Companies Are Staying Private Longer
Companies used to go public once they were worth a few hundred million dollars.
IPO Market Capitalization:
- Microsoft (1986): $500 million
- Yahoo (1996): $850 million
- Amazon (1997): $440 million
If anything Apple’s market capitalization of $1.78 billion at IPO in 1980 was the exception. These days the very best companies stay private much longer. Facebook went public at a $100 billion valuation in 2012, 8 years after it was created. Alibaba Group went public in 2014 at a $225 billion valuation, 15 years after its creation.
According to the NVCA, the average time for a venture-backed company to IPO has gone from 3.1 years in 2000 to 7.4 years in 2013. The very best companies like Uber and Airbnb are raising money at tens of billions of dollars in valuation to stay private longer. If anything the companies that are going public at $1 billion valuations like Box seem to be the ones that have no financing alternatives.
As a result there are more private companies worth $1 billion or more than ever before.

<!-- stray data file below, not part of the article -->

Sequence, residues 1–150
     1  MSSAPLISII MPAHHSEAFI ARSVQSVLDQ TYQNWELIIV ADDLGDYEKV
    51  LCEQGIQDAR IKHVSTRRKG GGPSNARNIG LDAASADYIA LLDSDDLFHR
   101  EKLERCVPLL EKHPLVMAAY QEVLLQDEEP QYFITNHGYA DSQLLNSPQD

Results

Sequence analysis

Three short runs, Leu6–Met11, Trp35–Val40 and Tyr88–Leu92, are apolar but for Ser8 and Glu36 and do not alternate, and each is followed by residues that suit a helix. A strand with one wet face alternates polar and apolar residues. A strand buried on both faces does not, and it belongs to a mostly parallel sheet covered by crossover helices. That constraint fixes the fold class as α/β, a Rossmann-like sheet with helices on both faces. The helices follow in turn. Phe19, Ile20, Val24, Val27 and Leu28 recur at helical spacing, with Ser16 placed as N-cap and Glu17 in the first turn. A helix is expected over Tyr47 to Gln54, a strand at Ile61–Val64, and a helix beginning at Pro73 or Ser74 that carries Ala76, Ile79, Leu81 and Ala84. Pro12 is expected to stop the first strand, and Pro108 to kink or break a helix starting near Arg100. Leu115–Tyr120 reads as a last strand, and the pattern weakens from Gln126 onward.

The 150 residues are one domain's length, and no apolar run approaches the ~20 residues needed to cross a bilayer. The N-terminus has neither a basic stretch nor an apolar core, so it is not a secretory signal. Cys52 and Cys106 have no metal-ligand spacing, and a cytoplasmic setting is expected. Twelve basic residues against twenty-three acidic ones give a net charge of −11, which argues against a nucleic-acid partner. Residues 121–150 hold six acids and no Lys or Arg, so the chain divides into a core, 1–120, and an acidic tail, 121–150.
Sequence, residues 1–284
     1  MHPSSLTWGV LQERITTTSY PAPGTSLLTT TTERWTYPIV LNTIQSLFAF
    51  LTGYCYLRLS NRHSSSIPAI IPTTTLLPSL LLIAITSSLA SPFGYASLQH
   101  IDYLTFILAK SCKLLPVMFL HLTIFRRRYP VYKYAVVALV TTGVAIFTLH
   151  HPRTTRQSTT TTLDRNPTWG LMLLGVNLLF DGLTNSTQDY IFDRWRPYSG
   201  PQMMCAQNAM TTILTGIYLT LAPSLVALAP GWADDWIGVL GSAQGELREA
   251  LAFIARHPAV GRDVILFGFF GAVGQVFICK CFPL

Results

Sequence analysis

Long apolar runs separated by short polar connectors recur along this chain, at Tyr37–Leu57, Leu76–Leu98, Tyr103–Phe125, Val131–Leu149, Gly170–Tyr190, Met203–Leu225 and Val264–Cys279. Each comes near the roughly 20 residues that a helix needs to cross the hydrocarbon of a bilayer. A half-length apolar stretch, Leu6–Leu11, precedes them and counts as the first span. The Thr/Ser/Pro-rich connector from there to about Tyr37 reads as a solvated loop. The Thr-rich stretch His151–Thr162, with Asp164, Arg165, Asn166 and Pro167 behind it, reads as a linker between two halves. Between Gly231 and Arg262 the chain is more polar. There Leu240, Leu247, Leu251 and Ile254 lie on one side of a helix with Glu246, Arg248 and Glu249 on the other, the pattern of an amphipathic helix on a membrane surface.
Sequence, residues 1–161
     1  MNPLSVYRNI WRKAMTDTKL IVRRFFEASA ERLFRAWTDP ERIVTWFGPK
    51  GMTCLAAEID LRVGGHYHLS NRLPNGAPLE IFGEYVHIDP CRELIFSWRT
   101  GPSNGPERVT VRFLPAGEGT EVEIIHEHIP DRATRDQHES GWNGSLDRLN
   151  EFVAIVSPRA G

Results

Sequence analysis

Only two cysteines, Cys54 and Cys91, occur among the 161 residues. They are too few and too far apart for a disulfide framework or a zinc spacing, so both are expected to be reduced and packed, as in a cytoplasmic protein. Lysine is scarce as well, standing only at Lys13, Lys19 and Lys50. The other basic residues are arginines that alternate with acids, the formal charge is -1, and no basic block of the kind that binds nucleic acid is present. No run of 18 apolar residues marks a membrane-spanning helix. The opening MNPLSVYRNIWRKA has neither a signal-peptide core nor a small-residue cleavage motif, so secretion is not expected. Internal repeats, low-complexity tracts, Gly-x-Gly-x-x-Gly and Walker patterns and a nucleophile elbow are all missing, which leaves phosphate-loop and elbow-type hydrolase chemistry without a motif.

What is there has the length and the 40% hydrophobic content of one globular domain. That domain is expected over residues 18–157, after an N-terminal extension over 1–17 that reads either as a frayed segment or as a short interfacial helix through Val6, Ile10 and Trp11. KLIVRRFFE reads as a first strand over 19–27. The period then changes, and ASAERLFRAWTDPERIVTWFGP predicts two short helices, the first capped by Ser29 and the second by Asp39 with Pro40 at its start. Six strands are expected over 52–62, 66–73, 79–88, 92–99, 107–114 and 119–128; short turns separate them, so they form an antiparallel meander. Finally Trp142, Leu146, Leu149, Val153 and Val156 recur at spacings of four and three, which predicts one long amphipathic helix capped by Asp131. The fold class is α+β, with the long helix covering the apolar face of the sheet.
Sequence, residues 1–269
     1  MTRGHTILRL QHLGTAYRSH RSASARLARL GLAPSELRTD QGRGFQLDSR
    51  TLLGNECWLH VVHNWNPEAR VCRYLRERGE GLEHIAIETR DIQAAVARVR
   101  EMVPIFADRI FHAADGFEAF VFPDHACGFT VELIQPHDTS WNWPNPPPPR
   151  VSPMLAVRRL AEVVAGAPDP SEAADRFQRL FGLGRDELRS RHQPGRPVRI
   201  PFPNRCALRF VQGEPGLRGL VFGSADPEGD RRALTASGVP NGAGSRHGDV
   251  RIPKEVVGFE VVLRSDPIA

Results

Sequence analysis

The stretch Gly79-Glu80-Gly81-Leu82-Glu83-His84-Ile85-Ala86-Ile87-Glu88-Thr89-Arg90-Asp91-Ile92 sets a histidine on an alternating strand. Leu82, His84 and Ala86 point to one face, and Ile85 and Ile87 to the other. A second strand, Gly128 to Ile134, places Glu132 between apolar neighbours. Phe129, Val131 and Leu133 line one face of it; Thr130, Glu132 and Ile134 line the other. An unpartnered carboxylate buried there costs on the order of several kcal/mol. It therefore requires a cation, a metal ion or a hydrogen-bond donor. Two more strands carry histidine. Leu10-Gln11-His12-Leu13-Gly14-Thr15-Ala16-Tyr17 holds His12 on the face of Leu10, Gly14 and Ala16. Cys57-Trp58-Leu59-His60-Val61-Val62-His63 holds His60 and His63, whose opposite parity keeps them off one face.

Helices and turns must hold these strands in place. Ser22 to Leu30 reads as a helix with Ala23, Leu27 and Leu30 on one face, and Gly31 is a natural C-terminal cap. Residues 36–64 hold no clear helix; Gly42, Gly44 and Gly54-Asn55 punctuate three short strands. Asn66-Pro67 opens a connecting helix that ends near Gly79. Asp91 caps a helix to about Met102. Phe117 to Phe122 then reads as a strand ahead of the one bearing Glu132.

This makes eminent sense. The explicit and implicit costs of going public have increased dramatically. As an Internet entrepreneur I used to dream of taking my company public. No longer!
- The regulatory and compliance burdens have increased dramatically especially since the the Sarbanes-Oxley Act (“SOX”) was passed in 2002. It adds layers of bureaucracy, time, and costs which makes it harder to “move fast and break things.”
- The process for going public is painful and extremely distracting.
- Analyst coverage and liquidity for companies worth less than $2 billion is limited.
- You have to share more information about your strategy that your private competitors can take advantage of.
- The need to “hit the numbers” makes it hard to experiment with new business models or to cannibalize your own business even if it’s the logical business decision.
At the same time, the cost of staying private longer have decreased dramatically: